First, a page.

Now that the initial flurry of panic about swine flu has stabilised, and everyone’s had a chance to plan their response, how well do you think that companies are handling this on their corporate website? We’re a long way from a crisis, but my ‘handy’ booklet from the government about swine flu arrived this morning, so clearly someone in authority thinks a crisis is coming…
There have been calls for companies to communicate with their employees about how to deal with swine flu should it affect them, and for companies to have contingency plans in place for a wider outbreak of flu. It is probably not appropriate to document these plans on the corporate website, although it wouldn’t hurt for a reassuring voice to be heard… especially since absentee rates have gone up.
Those companies directly affected (in a good way) by the approaching pandemic have done a good job of communicating with at least some of their website visitors.
Roche, perhaps the company most associated with combating flu pandemics, have a dedicated flu centre, where they’ve pulled together images, video, factsheets and press-releases about the flu, their products, and the actions they’ve been asked to take.
This is clearly linked from the home page, where they have a large banner header about influenza – and the term ‘influenza’ also appears in the tag cloud below.
In addition, one of their recent Investor Updates refers to their donation to WHO back in 2006 of 5 million treatment courses of Tamiflu, and confirms that they’ve been in discussion with WHO about the recent outbreak.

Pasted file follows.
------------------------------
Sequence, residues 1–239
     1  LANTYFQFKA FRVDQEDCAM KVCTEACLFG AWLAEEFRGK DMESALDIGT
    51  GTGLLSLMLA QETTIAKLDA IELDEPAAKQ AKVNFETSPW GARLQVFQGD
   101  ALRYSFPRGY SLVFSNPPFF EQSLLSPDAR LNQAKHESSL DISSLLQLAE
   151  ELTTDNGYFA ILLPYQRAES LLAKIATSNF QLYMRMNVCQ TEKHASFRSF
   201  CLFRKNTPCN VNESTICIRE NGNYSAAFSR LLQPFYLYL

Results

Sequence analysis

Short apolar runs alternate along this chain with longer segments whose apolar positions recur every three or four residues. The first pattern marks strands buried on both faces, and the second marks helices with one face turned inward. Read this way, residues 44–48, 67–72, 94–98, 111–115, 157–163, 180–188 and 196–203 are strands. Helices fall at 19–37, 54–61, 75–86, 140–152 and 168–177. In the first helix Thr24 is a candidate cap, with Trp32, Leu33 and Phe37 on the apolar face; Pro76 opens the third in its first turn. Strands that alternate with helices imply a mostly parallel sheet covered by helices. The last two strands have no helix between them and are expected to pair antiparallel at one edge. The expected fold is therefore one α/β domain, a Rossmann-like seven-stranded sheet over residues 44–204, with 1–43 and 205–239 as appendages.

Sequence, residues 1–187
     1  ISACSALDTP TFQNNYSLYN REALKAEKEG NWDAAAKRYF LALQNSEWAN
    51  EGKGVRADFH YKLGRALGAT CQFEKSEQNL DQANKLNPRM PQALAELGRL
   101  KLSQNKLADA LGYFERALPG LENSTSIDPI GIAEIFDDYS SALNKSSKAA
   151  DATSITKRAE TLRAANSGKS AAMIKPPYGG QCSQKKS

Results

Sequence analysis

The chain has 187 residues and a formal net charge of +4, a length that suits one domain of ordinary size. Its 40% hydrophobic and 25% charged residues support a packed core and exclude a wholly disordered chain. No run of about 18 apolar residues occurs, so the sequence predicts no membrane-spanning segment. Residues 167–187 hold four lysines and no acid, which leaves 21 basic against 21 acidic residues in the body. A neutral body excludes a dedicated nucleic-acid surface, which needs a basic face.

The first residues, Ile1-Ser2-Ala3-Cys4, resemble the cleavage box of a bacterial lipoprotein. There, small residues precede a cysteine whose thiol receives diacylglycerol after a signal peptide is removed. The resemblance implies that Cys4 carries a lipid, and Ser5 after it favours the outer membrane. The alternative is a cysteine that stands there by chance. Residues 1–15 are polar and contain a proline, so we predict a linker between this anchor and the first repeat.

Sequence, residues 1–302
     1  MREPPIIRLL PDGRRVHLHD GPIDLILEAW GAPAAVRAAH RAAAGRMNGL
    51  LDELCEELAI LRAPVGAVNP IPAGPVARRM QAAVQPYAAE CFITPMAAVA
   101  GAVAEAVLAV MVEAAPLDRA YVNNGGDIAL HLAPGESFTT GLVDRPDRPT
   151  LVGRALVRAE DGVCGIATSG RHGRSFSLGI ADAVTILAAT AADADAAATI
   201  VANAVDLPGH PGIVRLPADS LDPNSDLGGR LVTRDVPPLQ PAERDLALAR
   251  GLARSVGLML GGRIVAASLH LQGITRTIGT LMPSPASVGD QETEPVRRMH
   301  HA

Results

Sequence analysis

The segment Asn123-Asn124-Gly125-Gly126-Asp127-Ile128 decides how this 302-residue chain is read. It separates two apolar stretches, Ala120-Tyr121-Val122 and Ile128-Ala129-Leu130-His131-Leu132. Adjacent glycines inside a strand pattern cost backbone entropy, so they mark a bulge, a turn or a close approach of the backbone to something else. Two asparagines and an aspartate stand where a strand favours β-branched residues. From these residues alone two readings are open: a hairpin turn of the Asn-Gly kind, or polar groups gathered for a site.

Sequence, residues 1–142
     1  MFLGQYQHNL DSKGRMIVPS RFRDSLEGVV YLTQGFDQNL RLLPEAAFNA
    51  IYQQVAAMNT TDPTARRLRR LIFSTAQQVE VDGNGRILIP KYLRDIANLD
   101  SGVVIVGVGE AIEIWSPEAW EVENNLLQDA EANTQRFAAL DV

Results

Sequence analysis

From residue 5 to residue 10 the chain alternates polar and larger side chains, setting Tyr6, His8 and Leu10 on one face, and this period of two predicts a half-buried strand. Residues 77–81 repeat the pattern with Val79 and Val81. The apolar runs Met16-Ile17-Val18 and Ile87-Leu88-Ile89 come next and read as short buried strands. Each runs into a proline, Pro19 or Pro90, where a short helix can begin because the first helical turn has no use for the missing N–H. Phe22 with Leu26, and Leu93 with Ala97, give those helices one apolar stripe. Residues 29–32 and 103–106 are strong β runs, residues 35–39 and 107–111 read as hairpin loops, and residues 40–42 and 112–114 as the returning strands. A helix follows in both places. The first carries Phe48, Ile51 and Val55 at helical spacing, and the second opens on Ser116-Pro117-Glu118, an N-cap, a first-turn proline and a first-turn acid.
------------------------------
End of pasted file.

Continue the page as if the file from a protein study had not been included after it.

GSK have also collated some information about flu, which they’ve made available via a couple of links from their home page – one to a GSK Update and one to a collection of press releases. They also have a link to a pre-pandemic flu press kit from their press kits page in their media centre, which didn’t seem to be available on the day of our visit.
These companies – despite presumably potentially having improved sales this year as a result of flu – don’t seem to be addressing investors directly on this topic. Roche’s page providing key figures for 2008 does mention Tamiflu sales, but only to exclude them from the count – and it isn’t easy to learn anything more detailed. For example, how much of their business is based on Tamiflu sales? Prospective investors may want to know how the company expects to be affected by the impending pandemic. Not specifics – obviously Roche can’t and wouldn’t want to predict the need for Tamiflu – but if they provided figures for last year, we could do our own predictions, perhaps using a scenario analysis system like Adidas’.
On the other hand, perhaps stock prices will be minimally affected by a pandemic, and so this wouldn’t be interesting to investors.
But wouldn’t the company view on this be interesting to a corporate visitor in itself? What do you think? (I think that there will be some economic impact, though perhaps less than you’d think given the media discussion over the last couple of weeks).
As for corporate responsibility, there is a very interesting article on the limits of corporate responsibility using Roche as an example on the Insead site – definitely worth a read.
Image of flu virus courtesy of Roche